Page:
(ChemotherapyAdvisor) – Frequent ovarian cancer screening for women with genetic and family-history risk factors does not cause increased levels of anxiety or depression, but can increase the risk of a woman dropping out of the screening program soon after an abnormal test result, according to a study published in Gynecologic Oncology.
“Women participating in frequent ovarian screening who are recalled for an abnormal result may experience transient cancer-specific distress, which may prompt a reconsideration of risk management options,” reported lead author Kate E. Brain, PhD, Senior Lecturer at the Cochrane Institute of Primary Care and Public Health, Cardiff University School of Medicine, Cardiff, UK, and coauthors.
Women with family history of breast or ovarian cancer and who have BRCA1 or BRCA2 gene mutations face up to a 45% lifetime risk of developing ovarian cancer, the authors noted. The efficacy of annual ovarian cancer screening for genetically high-risk women has been discouraging, resulting in the creation of more frequent, 4-month CA125 tests combined with annual transvaginal ultrasound screening programs that can yield “a significant rate of false positive abnormalities,” the authors wrote.
The new study assessed whether more frequent screening is associated with increases in participants’ depression or anxiety, and their likelihood of continuing to participate in screening programs. Psychometric questionnaires were completed by 1,384 particiants before and at several points in time after initial CA125-test and ultrasound screenings, starting 1 week after participants were informed of their initial test results.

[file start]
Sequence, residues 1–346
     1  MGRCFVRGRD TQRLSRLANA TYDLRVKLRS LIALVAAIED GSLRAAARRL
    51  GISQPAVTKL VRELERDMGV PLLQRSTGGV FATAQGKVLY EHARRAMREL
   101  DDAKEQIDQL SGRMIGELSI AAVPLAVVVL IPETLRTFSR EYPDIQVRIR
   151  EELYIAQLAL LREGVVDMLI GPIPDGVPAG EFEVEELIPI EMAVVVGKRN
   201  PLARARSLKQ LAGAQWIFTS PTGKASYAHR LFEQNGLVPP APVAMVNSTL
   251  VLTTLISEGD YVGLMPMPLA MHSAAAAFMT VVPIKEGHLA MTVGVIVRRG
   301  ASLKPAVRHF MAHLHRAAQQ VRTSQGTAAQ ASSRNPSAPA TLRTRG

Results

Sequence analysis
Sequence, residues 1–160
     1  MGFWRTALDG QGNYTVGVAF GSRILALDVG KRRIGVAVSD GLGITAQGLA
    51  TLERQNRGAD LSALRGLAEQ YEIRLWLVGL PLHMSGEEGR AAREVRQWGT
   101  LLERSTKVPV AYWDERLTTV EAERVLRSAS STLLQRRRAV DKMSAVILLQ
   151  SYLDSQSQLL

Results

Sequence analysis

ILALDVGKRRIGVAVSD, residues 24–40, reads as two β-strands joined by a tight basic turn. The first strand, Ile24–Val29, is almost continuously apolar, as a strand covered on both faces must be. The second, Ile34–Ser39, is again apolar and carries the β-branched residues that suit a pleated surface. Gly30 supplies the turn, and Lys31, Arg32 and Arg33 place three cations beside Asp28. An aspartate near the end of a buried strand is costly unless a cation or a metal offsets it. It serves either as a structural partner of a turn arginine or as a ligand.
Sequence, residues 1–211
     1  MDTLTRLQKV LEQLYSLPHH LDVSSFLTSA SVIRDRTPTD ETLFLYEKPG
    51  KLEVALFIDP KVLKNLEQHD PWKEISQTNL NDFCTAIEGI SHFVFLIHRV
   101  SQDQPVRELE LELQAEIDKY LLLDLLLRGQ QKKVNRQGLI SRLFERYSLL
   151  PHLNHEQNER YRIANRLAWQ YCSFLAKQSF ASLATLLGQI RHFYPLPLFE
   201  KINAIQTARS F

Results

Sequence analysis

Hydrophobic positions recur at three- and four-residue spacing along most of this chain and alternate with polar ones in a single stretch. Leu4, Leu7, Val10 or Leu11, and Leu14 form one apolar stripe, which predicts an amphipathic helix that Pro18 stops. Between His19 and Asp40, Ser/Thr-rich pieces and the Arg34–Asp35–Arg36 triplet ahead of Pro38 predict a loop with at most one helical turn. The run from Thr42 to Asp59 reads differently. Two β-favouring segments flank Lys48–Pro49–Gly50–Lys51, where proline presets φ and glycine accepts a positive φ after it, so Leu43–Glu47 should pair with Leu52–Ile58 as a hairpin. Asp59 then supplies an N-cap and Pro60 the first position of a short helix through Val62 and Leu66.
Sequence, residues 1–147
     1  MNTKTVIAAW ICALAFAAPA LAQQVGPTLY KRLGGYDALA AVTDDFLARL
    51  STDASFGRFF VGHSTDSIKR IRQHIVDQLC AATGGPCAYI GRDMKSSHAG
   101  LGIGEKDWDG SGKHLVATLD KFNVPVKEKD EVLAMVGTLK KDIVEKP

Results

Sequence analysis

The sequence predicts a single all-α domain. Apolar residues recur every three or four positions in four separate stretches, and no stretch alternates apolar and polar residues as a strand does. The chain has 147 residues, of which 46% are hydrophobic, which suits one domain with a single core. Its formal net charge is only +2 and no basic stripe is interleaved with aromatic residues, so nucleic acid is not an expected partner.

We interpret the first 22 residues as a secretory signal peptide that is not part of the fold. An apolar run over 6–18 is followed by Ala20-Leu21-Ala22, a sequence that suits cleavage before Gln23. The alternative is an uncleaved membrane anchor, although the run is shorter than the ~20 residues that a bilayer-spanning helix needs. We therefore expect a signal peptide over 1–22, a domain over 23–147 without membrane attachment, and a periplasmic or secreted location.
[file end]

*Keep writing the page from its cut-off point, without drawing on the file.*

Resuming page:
Overall, 4-month screening programs had no significant sustained impacts on participants’ general anxiety or depression levels, or overall reassurance, Dr. Brain and her colleagues reported.
However, women with abnormal initial screening results expressed moderately elevated cancer-related psychological distress at 1 week after receiving their test results (F=27.47, P≤0.001, η2=0.02), and withdrew from screening programs at that time at a significantly higher rate than did women with normal screening test results (OR=4.38; P≤0.001). However, among those who did not withdraw from screening 1 week after receiving abnormal results, abnormal test results did not correlate with subsequent levels of anxiety or depression.
The clinical efficacy of 4-month ovarian cancer screening programs has not yet been established, the authors cautioned.